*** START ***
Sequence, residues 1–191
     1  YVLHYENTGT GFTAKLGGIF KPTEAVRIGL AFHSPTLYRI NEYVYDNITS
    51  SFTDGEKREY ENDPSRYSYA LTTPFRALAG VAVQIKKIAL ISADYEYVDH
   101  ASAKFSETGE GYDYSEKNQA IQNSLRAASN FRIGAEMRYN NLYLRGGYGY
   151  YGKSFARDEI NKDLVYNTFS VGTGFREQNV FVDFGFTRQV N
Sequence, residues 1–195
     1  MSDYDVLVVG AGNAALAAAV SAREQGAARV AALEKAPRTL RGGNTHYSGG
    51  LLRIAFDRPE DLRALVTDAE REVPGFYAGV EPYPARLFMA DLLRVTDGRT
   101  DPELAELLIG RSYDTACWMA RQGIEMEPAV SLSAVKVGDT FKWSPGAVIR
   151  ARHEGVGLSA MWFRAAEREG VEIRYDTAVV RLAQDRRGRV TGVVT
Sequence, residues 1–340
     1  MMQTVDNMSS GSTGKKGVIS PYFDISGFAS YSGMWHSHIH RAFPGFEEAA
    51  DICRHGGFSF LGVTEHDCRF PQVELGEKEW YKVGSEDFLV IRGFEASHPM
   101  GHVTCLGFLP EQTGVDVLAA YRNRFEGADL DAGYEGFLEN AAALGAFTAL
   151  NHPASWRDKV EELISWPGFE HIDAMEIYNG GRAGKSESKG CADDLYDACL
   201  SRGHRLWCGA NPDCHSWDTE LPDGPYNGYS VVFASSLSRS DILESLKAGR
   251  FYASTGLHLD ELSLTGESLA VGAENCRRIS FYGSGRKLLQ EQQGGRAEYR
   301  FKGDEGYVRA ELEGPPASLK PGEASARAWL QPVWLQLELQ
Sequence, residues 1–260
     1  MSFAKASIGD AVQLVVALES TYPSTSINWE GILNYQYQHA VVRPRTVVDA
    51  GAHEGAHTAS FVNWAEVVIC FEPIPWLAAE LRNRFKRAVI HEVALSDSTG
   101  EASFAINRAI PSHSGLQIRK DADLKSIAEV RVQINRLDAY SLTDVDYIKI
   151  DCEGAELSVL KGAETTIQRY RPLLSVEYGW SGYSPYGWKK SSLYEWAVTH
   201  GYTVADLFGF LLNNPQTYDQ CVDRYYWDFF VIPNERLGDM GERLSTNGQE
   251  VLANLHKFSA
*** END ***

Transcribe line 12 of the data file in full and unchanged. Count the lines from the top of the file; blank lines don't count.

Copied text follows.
     1  MMQTVDNMSS GSTGKKGVIS PYFDISGFAS YSGMWHSHIH RAFPGFEEAA